Straight Talk
MONTE SOLBERG - Chief Spence hides in a shadow

Chief Theresa Spence

Credits: ANDRE FORGET/QMI AGENCY

MONTE SOLBERG | QMI AGENCY

When I was the member of Parliament for Medicine Hat, AB, almost every week I drove past a road leading into the Siksika reserve. Just off that road, sitting alone on the Alberta prairie and barely noted, sits the burial marker of Chief Crowfoot, one of the greatest figures in the early history of Western Canada.

Not only was Crowfoot a storied warrior who was wounded six times in

19 Indian battles, he was also a great peacemaker who was revered for his wisdom. He worked constructively with many of the largest figures of the day, including Father Albert Lacombe, Lt.-Col. James Macleod of the North-West Mounted Police, Sir William Van Horne, president of the Canadian Pacific Railway, and Prime Minister Sir John A. Macdonald. In 1877 he and other Blackfoot confederacy chiefs signed Treaty 7 ending hostilities with the Crown in southern Alberta.

Now, let's jump in our time machine, which for arguments sake will be a Cadillac Escalade, and fast forward to January 2013. There, standing in the long shadow of Chief Crowfoot, is Chief Theresa Spence, disgraced financial manager and professional victim.

Tens of millions of federal tax dollars transferred to her reserve were spent with virtually no paper trail. She's not a real victim; she just plays one on TV.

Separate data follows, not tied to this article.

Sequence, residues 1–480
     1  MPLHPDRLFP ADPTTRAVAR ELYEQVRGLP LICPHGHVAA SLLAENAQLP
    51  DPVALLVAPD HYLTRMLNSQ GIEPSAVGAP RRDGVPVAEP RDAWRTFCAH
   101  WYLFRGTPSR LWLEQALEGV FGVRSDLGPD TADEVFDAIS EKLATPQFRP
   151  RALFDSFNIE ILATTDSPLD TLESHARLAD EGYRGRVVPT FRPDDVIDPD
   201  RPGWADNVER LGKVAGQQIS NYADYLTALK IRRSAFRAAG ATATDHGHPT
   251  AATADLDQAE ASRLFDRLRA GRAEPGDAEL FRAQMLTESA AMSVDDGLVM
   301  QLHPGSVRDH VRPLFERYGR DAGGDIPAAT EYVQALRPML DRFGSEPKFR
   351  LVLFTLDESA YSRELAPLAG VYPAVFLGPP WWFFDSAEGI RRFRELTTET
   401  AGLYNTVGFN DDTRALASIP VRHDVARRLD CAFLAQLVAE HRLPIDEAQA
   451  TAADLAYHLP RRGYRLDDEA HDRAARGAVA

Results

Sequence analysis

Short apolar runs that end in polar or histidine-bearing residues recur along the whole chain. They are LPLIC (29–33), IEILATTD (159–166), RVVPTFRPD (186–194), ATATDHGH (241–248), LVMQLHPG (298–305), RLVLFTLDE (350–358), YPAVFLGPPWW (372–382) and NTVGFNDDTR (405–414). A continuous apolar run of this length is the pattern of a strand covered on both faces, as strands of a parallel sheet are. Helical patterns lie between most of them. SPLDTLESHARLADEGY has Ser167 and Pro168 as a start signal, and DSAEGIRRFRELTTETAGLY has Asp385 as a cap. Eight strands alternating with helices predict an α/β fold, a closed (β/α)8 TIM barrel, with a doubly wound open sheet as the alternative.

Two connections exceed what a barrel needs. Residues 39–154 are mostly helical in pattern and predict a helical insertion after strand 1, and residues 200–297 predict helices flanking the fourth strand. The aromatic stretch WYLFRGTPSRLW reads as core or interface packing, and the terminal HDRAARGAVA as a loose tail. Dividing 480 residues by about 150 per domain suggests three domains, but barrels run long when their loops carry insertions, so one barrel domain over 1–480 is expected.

The real victims are the people on the Attawapiskat reserve who were supposed to be the beneficiaries of that money and, of course, the taxpayers of Canada, who pay the bills.

Look, I'm very sorry the governor general mishandled the wampum. It could happen to anybody. Is Chief Spence sorry for not being able to account for $100 million? You know, the $100 million she referred to as a distraction.

Chief Crowfoot didn't just have the title of a leader. He actually led. When necessary, he fought fiercely to protect his people.

At other times he forged strong relationships and worked for peace out of concern for his people. Chief Spence has a great gig going for herself, but for her people? Not so much.

The good news is that today when chiefs don't lead, rank and file Aboriginals can leave, and they are doing so in increasing numbers. As the Fraser Institute's Mark Milke recently pointed out, three-quarters of Canada's million-plus Aboriginal population lives off reserve.

When things got tough they didn't go on a hunger strike. They didn't even go on a fish-broth fast hoping someone would feel bad for them.

They took matters into their own hands and left the reserve to look for opportunity. Most find it, too. Employment rates and income for Aboriginals off reserve are much higher than the same on reserve.

In the face of that massive migration away from reserves, Idle No More and Chief Spence's fast for cash looks like the real distraction.

The most telling fact is that despite having to leave behind family, tax advantages and all kinds of support payments, Aboriginals on reserve can hardly wait to escape.

Meanwhile Chief Crowfoot must be spinning in his grave right now to see the PR stunts that now pass as great Aboriginal leadership.

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